FIG. 6-2 shows sine waves of 16 feet and 8 feet and a waveshape synthesized using these two waves which could be stored in shift register 7-12 of tone generator 0-7.

FIG. 6-3 is a block diagram of an embodiment of a waveshape calculator 0-6, in which a central processing unit (CPU) 6-10 generates various timing pulses necessary for performing the operations of FIG. 6-1 in accordance with a program stored in memory 6-11. Memory 6-11 stores the programs necessary for the operations of FIG. 6-1 to be performed by CPU 6-10, waveshape information of each tablet and sine wave data necessary for waveshape synthesizing of the of draw-bars. These programs and waveshape data are formed with 8-bit units, and FIG. 6-4 shows a memory map of them. In FIG. 6-4, program data, sine wave data, and waveshape data for 16 tablets are stored, respectively, at address 0 to 1023 in 1024 bits, address 1024 to 1151 in 128 bits, and address 1152 to 3199 in 2048 bits with 128 bits for each tablet. Address 3200 to 3711 (512 bits) is buffer memory 6-15 for storing the data of tablet or draw-bar and the calculated waveshape synthesization.

The input and output control circuit 6-12 controls a tone selection detector 0-5, and provides an output to CPU 6-10 upon receiving tablet waveshape calculating signal SEN1 and draw-bar waveshape calculating signal SEN2. It also transfers address signals TDAD1 to TDAD4 of the tablet or the draw-bar to the tone selection detector 0-5 according to instructions of the CPU 6-10, and provides the tablet switch information TDA or draw-bar switch information DDA to CPU 6-10.

Write control circuit 6-13 puts in the calculated results into shift register 7-12 of tone generator 0-7. This is also controlled by CPU 6-10 and generates out write requiring signal R/W, write clock signal WC and write data signal WDA to tone generator 0-7.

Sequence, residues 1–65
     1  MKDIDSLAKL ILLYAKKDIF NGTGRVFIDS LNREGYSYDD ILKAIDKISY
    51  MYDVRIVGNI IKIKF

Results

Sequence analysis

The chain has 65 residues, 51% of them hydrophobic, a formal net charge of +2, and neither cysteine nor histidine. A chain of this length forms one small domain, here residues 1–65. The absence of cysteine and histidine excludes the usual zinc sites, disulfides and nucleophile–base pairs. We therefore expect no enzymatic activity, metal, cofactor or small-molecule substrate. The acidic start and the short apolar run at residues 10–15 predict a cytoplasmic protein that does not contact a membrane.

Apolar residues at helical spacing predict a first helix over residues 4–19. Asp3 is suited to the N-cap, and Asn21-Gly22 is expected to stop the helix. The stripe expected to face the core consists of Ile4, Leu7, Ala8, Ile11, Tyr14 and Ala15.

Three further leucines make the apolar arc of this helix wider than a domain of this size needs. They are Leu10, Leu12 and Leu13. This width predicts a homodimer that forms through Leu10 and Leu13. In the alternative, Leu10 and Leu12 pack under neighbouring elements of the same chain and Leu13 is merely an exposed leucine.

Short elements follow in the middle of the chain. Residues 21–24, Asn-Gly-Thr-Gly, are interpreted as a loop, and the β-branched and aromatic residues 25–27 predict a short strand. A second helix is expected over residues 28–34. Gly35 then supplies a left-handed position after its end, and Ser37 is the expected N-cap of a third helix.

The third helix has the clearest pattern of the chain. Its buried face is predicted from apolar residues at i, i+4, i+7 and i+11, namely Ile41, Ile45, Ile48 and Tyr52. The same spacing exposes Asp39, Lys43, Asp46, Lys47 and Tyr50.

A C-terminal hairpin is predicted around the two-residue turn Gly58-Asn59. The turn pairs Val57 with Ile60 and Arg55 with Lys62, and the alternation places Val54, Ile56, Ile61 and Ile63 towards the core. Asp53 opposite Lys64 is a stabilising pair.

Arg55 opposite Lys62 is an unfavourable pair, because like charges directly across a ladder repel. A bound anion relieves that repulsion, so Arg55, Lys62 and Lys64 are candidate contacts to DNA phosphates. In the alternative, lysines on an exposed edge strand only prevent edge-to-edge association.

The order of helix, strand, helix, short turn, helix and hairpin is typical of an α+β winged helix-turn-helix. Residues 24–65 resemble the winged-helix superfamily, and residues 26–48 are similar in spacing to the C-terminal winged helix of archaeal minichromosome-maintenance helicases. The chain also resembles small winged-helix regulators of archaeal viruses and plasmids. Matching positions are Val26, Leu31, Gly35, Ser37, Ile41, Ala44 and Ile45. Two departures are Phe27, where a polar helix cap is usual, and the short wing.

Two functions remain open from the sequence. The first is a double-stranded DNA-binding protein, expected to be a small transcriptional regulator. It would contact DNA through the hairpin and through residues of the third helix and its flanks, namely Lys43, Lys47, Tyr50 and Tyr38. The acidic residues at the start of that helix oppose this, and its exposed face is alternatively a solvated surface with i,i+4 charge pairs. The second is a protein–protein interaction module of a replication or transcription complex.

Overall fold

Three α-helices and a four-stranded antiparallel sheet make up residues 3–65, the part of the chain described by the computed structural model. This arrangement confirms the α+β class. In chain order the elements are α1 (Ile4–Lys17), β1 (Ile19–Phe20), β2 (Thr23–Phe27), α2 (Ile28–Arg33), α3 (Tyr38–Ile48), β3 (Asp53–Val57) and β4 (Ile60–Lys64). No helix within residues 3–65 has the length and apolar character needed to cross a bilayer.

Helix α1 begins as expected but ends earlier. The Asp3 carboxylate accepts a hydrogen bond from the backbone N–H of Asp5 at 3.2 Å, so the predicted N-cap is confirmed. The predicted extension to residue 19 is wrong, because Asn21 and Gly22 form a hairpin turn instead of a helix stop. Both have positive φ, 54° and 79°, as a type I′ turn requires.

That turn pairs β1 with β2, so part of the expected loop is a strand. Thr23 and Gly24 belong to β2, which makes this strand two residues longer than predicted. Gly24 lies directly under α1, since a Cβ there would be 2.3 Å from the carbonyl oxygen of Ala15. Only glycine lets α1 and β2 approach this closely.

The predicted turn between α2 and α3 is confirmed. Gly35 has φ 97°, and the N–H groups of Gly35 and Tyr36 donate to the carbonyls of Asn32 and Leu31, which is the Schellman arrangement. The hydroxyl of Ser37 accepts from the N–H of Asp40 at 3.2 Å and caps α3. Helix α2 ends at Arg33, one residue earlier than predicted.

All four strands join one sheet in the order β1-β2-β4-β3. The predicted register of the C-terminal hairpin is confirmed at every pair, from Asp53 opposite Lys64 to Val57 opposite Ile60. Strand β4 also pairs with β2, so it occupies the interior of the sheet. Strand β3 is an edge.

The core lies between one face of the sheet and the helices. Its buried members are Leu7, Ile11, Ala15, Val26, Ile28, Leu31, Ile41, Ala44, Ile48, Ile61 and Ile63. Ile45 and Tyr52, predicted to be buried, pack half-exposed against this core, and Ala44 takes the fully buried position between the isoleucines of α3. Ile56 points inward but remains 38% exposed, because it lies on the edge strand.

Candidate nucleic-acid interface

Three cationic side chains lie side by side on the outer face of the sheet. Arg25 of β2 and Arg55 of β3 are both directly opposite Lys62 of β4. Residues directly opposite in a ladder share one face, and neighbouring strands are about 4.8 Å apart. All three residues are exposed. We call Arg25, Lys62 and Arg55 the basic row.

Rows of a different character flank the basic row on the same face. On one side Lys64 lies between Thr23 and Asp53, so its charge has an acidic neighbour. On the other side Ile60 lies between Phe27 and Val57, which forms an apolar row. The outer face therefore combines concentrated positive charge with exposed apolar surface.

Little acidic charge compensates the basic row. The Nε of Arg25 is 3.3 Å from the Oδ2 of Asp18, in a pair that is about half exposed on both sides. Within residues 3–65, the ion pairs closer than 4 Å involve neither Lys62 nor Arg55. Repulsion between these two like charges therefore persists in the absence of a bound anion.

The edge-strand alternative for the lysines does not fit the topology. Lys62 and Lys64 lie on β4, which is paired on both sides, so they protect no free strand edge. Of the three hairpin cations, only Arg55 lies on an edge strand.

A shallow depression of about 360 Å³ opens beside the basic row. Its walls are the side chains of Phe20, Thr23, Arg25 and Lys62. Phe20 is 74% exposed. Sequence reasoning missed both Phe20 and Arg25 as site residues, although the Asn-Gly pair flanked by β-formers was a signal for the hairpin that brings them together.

FIG. 6-5 shows the flow chart of the calculating operation of the waveshape of a tablet. The waveshape calculator 0-6 performs the operations of FIG. 6-5 after receiving an input of tablet waveshape calculating signal SEN1. That is, at first, tablet address signal TDAD is applied to tablet selection detector 5-4 so as to read the information of the tablet switch corresponding to that address, and the information of all tablet switches is read out by changing TDAD from 1 to 16 in turn and stored in the buffer memory 6-15. Then, according to this information, a new calculation of the waveshape is performed.

First, sample point address register S and tablet address register TB are set to "1" and accumulator ACC is cleared. Next, it is determined whether the tablet assigned address number 1 by TB register is ON or not. When it is ON, the amplitude of sample point address 1 designated by the sample point address register S in the tablet of address number 1 is taken out from the memory and added to the accumulator ACC. When it is not ON, waveshape of the tablet of address number 1 is not added to the accumulator, and the operation of the next step is performed.

Next, tablet address register TB is set to 2 by adding 1 thereto, and the similar operation is repeated for tablet of address number 2. In this embodiment using 16 tablets, the operation is then repeated until the tablet address becomes 16. Therefore, when only the tablets of address 1 and 3 are ON and the other tablet are OFF, ACC contains the sum of the amplitude of tablet waveshape of address number 1 at sample point 1 and an amplitude of tablet waveshape of addresss number 3 at sample point 1. This data is entered into the buffer memory 6-15, and TB is set to 1 and ACC is cleared. Then, S is set to 2 by adding 1 thereto, and similar to the above described tablets which are ON (in this example, tablets of address number 1 and 3 are ON) are detected from among the tablets of address numbers 1 to 16, and the amplitudes thereof are sumoned. Thus, the amplitude of sample point address 2 is calculated. In the same manner, by repeating similar calculations up to the sample point address N =128, the calculated waveshape of the tablets of address numbers 1 and 3 for all the sample points is put into the buffer memory 6-15.